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What It's Like to Start an LGBT Pride March in a Tiny, Religious Town

There weren't any floats at Steinbach's first-ever two-block "parade"—but there were plenty of religious signs.

Steinbach's queer-friendly Jesus people. All photos by Jordan Molaro

There's no escaping religion in small town Manitoba.

On the drive to Steinbach, a southeastern city of 14,000, a billboard resurrected in a vast canola field proclaims, "Jesus said: I am the way, the truth, and the life."

To an outsider, it might seem like a bit much, but here in the province's "bible belt" a sign like this is pretty standard. The only place you might not expect to see it is at a gay Pride event. As it turns out, you'd be wrong about that.


On Saturday, Steinbach held its first ever Pride march. It wasn't a parade. There were no floats, hardly any music save for the duo blasting "I Wanna Dance With Somebody" on tiny portable speakers, and costumes were few and far between. It lasted all of two blocks. But it was clear that for the people involved—many of whom carried messages that said "God is love" and encouraged people to "love thy neighbor"—none of the bells and whistles mattered.

"I came very close to ending my life many times," trans teen Mason Godwaldt, 18, told the crowd of about 3,000 at city hall, situated right across the street from a church. Prior to that, "I lived a lie, afraid to lose my family after seeing so many LGBT people lose theirs," he said.

Godwaldt acknowledged that in third world countries, there are people who are killed for being gay.

"In Manitoba, it's nowhere near that bad," he said. "Instead, people stare and make rude comments to a gay couple in love."

In fact, bullying is partially what set Saturday's march in motion.

In April, organizer Michelle McHale, a former Steinbach resident, told the local Hanover School Division she was concerned about her son being harassed for having two moms. She asked for same-sex couples to be recognized as part of the sex-ed curriculum, but was rejected because anything related to LGBT issues is considered "sensitive content" that teachers are forbidden from discussing. A similar policy advises educators to report to parents if students ask any questions about sexual orientation, potentially outing kids to their families before they're ready to have that conversation.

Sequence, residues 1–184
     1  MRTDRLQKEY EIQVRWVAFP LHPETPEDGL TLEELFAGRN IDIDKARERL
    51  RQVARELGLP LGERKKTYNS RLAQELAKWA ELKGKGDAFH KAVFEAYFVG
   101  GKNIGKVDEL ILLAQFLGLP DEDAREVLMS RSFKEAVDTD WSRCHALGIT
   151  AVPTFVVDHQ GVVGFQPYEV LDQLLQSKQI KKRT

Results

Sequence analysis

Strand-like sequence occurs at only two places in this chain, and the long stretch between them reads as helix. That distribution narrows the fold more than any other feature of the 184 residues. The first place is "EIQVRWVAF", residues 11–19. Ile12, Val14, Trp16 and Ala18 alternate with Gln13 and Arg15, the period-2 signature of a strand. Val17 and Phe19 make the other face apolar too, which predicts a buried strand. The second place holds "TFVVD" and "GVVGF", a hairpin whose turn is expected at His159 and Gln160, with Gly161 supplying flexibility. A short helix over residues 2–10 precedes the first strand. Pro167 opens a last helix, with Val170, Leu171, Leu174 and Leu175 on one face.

McHale and her partner have since filed a human rights complaint against the school board and the family has moved to Winnipeg. McHale now sits on the board of directors for Pride Winnipeg and said the LGBT community in Steinbach reached out for help organizing their own march.

Speaking out has meant being on the receiving end of homophobic backlash—one Facebook commenter asked, "Can we just kill her please?" But none of that hate was visible Saturday.

"It far surpassed our expectations," McHale told VICE during the festivities.

She was quick to point out that this wasn't a traditional Pride celebration so much as it was a "march for equality."

"There are a real issues here that we're still addressing," she said. "It was less of a celebration and more of an empowerment kind of event. So that people felt supported and felt they could come out and be with a group of people that weren't going to ridicule them."

The event was originally expected to attract a couple hundred people, but in the end thousands showed up to march, descending from neighboring cities and provinces. While the RCMP originally declined the group's request to march on the street, relegating them to the sidewalk, it changed its mind, allowing people to walk down the street, for an admittedly brief route. Spectators were sparse, but, despite the concern that there would be vocal opposition, there was none to speak of. The only mention of the word "fag" was on part of a sign that read, "this fag loves his mother."


Having that said, support amongst elected officials, including Mayor Chris Goertzen, Progressive Conservative MLA and health minister Kelvin Goertzen (no relation), and Conservative MP Ted Falk, has been embarrassingly inadequate. Falk said he wouldn't attend due to his "values of faith, family, and community," while the mayor and council refused to officially endorse the event. Minister Goertzen said he had a prior commitment.

All three men got called out Saturday.

"While this is not a political event, I have to ask why our federal Member of Parliament is not here with us," said former Liberal candidate Terry Hayward, during his speech. "Was he not elected to represent all people in his riding?"

Prime Minister Justin Trudeau gave Steinbach a shout-out, tweeting #loveislove.

Almost immediately after the speeches were over, the crowd dispersed. An hour later, the city was quiet—there were no traces of the march, almost as if it hadn't taken place at all.

But those in attendance said they felt it; a small but unmistakable shift towards acceptance of gays in one of the country's most conservative communities.

"Not everyone's going to like it, some of it is going to be uncomfortable," said McHale. "There's definitely work to do."

Follow Manisha Krishnan on Twitter.